The Commissioner of Customs has omitted to answer one very important question put to him, viz. whether the foreign vessel, on her return trip, may take goods and passengers from any, or all, of the Canadian ports, to a port in the United States. Without an answer to this question, the information sought is incomplete. It is, moreover, to be regretted, that the Commissioner of Customs has not stated the authority upon which his opinions are founded, - whether it be on any special Act or Acts of Parliament, or on instructions from the Governor in Council, or on regulations in force in the Customs department, or what else. We refer to the correspondence which follows:
Dunnville, 29th April, 1846.
Sir, - The merchants and other inhabitants of Dunnville experience inconvenience from the want of a British steam-vessel to take up the route formerly occupied by the unfortunate Kent - nor will they be able to obtain one from either Lake during the present season.
An American steamer would instantly be placed upon a route from Buffalo to Port Colborne, thence to Dunnville and Port Dover returning direct, without touching at any American port, if it could be done by such a vessel without infringing the Imperial Statutes, the Colonial Laws, or the regulations of the Customs.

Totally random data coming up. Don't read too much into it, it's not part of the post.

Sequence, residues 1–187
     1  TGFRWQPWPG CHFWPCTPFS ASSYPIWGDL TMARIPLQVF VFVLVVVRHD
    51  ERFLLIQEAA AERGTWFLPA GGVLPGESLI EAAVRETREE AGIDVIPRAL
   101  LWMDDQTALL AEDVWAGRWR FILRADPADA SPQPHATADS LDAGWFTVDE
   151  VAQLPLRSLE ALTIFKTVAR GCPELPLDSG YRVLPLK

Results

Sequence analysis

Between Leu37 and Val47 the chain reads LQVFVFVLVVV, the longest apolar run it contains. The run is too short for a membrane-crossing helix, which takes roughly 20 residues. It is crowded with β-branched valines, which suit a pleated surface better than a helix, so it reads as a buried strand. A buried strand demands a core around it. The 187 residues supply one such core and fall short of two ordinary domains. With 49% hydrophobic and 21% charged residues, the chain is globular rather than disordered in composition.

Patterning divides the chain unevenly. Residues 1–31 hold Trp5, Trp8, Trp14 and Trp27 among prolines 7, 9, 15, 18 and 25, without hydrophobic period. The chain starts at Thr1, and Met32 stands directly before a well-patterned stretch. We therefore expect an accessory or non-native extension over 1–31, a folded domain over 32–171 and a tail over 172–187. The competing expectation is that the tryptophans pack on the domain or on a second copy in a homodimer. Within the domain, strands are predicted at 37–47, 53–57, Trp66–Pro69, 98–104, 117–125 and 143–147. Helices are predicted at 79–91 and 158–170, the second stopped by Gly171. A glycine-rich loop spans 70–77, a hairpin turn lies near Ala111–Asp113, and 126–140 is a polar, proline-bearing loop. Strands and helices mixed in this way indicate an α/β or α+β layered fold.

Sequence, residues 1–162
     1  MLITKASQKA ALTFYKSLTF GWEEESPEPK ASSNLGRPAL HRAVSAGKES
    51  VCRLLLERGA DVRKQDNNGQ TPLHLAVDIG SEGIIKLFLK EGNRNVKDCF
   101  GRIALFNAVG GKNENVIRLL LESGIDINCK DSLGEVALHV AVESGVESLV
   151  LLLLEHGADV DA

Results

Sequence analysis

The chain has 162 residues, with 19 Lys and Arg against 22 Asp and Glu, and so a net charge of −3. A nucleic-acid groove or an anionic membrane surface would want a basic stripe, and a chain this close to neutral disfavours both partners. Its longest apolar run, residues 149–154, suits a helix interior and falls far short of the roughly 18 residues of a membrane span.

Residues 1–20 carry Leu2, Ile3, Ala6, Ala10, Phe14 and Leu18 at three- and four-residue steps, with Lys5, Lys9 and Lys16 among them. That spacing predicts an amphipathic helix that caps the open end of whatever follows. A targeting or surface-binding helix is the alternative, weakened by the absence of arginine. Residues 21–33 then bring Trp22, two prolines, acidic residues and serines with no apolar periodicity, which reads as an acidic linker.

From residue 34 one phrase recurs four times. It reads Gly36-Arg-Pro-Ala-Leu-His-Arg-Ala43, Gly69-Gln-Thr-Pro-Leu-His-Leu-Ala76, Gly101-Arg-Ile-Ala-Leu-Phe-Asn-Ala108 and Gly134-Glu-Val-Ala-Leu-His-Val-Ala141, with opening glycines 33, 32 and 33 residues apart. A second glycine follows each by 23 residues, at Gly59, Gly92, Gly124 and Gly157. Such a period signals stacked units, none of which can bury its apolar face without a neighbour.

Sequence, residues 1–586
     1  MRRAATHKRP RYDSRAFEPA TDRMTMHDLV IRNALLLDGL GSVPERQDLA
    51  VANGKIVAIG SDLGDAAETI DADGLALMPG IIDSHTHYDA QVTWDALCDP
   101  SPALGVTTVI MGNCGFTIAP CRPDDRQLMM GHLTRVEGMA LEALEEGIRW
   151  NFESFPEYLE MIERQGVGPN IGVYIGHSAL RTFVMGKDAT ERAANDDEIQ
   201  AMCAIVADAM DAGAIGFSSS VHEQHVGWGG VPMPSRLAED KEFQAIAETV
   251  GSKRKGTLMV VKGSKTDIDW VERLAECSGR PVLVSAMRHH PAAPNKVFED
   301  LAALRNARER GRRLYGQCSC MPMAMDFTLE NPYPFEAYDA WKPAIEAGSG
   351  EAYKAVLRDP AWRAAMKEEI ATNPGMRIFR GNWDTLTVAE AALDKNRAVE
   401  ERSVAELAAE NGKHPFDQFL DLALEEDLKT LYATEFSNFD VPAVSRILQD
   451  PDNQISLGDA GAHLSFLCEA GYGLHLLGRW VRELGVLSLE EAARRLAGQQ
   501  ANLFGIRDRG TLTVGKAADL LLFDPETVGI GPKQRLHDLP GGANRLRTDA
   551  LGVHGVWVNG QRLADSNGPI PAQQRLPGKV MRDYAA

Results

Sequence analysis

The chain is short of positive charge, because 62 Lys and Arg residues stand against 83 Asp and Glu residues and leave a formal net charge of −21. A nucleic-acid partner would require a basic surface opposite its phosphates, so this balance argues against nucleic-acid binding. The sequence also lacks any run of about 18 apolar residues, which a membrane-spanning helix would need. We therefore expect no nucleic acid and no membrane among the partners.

The opinions of the local Custom House officers differ on the points involved in such an arrangement; nor have they authorities to define what they call coasting by foreign vessels, or to point out their power of interfering in such cases, provided the reports be regular, and the duties paid.
We will be obliged by learning from your department how far the laws and regulations of the Canadian Custom House prevent or interfere with such an arrangement; and if an American vessel, leaving Buffalo with goods and passengers for three Canadian ports, can land them at each respectively, and on the return trip take goods and passengers from either or all of them to Buffalo, without infringing the laws or regulations of the Customs in Canada? Can an American vessel carry goods and passengers, or passengers only, from one Canadian port to another?